Thursday, 07 March 2019 14:10

Cooper wants higher teacher raises, a larger school bond proposal

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Gov. Roy Cooper unveiled his spending plan for the upcoming two-year budget cycle on Wednesday, March 6. He proposed budgets of $25.2 billion for 2019-20, and $25.9 billion for 2020-21 Gov. Roy Cooper unveiled his spending plan for the upcoming two-year budget cycle on Wednesday, March 6. He proposed budgets of $25.2 billion for 2019-20, and $25.9 billion for 2020-21 Dan Way - Carolina Journal

RALEIGH — Gov. Roy Cooper’s two-year budget proposal would give teachers an average pay raise of 9.1 percent over two years, with no teacher receiving less than a 3 percent raise in either year.


Cooper announced his $25.2 billion General Fund budget proposal Wednesday, March 6. In it, he recommends restoring pay bumps for teachers with a master’s degree in the subject they teach and suggests experience-based raises for school principals. Restoring master pay would cost the state $6.8 million in recurring funds.

Spending for all education programs, including higher education, totals $14.56 billion, the largest share of the General Fund budget — 57.75 percent. The $23.9-billion budget enacted last year by the General Assembly spend a similar percentage on education, $13.8 billion.

The governor’s budget recommends spending nearly $210 million for teacher pay raises in fiscal 2019-20 and $390 million in fiscal 2020-21. Cooper said the state must do more to attract and keep good educators.

“There is strong bipartisan agreement that a strong teacher in every classroom and a strong principal in every school can make North Carolina great,” Cooper said. “If we are going to trust them to educate our children, we have to put our money where our trust is.”

Cooper said it’s time to end the practice of requiring teachers to pay for their own substitutes when they take a personal leave day. Ending this practice carries a $6.5 million price annual price tag, but it’s one worth paying, he said.

“NCAE applauds Governor Cooper for his actions to appropriately pay all educators like the professionals they are, and for his commitment to raise salaries not only for beginning teachers, but for veteran educators as well,” Mark Jewell, executive director of the North Carolina Association of Educators, said in a news release.

In addition, Cooper’s budget calls for:

  • $29 million in new funding for schools to buy more textbooks, digital resources, instructional supplies, and for enhanced digital learning opportunities
  • $15 million for school safety improvements and training
  • $40 million to hire school nurses, social workers, counselors, school psychologists, and school resource officers
  • $9 million to recruit, retain, and support educators by expanding the Teaching Fellows scholarship program, helping teachers become national board certified, expanding the Advanced Teaching Roles pilot, and more
  • More than $5 million for teacher professional development
  • $4.7 million for the Regional Support Model to support local school systems

Cooper recommended a $3.9 billion bond proposal for schools and water systems, even though a $1.9 billion statewide school bond bill is making its way through the General Assembly. Of that $3.9 billion, $2 billion would go to funding construction and renovation of K-12 public schools. North Carolina’s Community College System and the University of North Carolina System would each get $500 million. The bond would invest $800 million to repair water and sewer infrastructure, and the reminding $100 million would go to the N.C. Museum of History and the N.C. Zoo.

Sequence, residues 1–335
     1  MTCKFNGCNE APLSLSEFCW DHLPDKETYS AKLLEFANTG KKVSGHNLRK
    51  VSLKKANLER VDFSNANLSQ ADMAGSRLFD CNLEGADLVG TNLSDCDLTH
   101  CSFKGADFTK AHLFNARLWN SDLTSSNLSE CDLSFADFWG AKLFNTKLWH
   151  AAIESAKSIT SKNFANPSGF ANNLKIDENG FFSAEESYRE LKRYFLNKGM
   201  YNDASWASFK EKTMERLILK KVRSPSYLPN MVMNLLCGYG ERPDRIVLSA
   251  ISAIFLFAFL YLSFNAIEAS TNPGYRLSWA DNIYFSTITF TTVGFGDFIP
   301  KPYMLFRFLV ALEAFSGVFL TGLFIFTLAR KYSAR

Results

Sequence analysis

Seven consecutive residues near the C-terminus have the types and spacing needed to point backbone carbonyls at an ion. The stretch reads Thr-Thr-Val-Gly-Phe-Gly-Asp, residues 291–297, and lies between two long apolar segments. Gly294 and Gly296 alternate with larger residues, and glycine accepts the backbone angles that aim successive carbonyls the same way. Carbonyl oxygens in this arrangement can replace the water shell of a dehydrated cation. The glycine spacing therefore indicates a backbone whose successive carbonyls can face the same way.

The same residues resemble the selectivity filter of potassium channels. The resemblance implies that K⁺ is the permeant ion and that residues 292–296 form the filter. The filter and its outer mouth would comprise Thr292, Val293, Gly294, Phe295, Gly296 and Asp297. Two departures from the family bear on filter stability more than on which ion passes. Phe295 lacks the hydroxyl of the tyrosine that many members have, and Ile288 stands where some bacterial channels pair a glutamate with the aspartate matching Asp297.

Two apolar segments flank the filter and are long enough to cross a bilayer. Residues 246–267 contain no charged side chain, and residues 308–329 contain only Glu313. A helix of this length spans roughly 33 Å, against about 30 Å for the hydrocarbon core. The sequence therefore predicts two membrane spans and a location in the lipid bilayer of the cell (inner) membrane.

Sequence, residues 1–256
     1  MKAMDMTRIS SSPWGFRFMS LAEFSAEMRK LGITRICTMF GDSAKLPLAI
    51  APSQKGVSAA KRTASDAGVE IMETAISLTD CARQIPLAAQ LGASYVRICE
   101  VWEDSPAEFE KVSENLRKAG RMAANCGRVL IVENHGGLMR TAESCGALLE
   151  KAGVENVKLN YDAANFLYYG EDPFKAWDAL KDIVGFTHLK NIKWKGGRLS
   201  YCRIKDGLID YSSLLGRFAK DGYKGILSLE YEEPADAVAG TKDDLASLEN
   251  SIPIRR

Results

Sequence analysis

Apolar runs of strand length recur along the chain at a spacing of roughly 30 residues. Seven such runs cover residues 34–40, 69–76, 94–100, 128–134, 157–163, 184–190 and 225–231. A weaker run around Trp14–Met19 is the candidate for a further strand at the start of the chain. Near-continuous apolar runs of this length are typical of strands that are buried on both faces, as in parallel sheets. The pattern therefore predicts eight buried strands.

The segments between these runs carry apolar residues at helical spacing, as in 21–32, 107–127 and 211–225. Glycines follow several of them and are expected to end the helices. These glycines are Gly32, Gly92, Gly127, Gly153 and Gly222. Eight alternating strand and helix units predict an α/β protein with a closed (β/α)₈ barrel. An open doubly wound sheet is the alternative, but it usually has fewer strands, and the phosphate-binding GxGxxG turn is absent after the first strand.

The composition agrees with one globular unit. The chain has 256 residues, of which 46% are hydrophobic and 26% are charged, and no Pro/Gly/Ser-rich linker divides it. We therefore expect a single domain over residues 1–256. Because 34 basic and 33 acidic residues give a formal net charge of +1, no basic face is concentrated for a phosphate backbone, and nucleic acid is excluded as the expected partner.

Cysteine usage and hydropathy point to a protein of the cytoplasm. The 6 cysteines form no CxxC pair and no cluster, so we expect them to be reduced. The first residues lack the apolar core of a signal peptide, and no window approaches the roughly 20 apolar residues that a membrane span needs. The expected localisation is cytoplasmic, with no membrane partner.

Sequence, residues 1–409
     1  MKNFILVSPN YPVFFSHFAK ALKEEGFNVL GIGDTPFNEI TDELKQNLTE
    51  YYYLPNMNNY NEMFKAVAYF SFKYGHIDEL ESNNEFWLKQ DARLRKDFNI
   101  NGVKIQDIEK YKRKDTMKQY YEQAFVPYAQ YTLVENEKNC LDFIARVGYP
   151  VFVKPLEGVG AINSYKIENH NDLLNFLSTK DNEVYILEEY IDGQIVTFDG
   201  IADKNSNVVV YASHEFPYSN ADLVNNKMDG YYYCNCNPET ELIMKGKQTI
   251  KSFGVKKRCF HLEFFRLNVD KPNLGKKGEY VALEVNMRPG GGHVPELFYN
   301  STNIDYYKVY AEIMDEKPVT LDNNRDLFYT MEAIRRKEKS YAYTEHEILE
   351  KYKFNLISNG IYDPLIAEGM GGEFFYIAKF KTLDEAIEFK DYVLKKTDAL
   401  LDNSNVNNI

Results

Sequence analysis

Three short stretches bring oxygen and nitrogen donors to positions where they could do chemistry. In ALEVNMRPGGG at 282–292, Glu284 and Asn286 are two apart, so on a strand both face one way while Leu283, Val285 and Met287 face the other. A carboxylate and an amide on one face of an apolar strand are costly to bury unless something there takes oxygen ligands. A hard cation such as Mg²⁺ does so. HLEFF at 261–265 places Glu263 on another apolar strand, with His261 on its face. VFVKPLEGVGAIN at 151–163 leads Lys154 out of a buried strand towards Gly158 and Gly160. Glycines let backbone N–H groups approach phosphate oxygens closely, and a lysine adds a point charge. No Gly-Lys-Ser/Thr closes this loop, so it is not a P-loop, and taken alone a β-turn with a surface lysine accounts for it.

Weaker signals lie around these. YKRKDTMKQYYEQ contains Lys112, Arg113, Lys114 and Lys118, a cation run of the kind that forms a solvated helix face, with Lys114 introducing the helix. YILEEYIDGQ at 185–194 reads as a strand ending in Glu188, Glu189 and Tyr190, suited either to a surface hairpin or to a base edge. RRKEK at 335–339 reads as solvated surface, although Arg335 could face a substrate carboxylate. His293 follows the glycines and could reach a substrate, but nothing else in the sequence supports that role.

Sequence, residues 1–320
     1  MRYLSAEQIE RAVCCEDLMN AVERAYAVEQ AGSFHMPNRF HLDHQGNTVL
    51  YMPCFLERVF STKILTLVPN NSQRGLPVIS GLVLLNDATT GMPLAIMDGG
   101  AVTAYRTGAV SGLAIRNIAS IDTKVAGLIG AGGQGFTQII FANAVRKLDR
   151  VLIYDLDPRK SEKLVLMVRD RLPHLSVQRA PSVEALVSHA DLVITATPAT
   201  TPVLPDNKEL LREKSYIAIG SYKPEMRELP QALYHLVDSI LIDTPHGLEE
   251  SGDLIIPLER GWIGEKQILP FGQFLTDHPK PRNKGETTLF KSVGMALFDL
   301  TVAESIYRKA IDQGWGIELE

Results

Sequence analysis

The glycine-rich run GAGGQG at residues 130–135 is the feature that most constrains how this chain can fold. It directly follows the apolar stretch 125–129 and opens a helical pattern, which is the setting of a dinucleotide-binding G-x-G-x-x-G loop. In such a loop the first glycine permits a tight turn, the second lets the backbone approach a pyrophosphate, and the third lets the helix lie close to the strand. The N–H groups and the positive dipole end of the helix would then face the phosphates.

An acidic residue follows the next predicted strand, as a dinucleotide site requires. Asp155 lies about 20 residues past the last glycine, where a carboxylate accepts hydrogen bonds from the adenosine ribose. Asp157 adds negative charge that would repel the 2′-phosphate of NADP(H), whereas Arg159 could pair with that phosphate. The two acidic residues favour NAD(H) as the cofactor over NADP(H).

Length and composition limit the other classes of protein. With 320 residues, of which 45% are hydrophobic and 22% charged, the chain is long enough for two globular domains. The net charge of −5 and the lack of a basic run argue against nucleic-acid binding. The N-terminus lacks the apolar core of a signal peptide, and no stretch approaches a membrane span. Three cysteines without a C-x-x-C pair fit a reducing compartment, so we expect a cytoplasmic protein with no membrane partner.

Joe Coletti, John Locke Foundation senior fellow, said Cooper’s budget proposal is unrealistic.

“His $3.9 billion bond proposal is twice as large as anything else under discussion,” Coletti said. “Its budget impact would not be felt until after the next election.”

Republican lawmakers are also skeptical of Cooper’s proposal. Rep. Jason Saine, R-Lincoln, a senior House Appropriations Committee co-chair, said in a statement the governor should submit a revised proposal that balances the budget.

“I didn’t think Governor Cooper’s budget proposals could put the state in graver financial danger than the $500 million deficit he proposed last year, but this year’s recommendation to borrow more than double our consensus debt capacity does just that,” Saine said.

“The governor’s budget proposal threatens our unanimous AAA credit rating, revenue surpluses, savings reserves, and tax relief for families,” Rep. Linda Johnson, R-Cabarrus, a senior House Appropriations Committee co-chair, said in a released statement.

Once again, the governor recommends phasing out the Opportunity Scholarship program. Cooper’s budget would fund existing obligations for the program, but the budget wouldn’t allocate money for future scholarships.

Mike Long, president of Parents for Educational Freedom in North Carolina, said Cooper’s recommendation to stop future funding of the Opportunity Scholarship program is disappointing yet not surprising.

“What is Governor Cooper’s message to the thousands of new families applying for the Opportunity Scholarship?” Long said in an emailed statement. “It tells them he is not interested in making real investments in their families and children for a determined North Carolina, but instead the governor is determined to protect the education establishment over them.”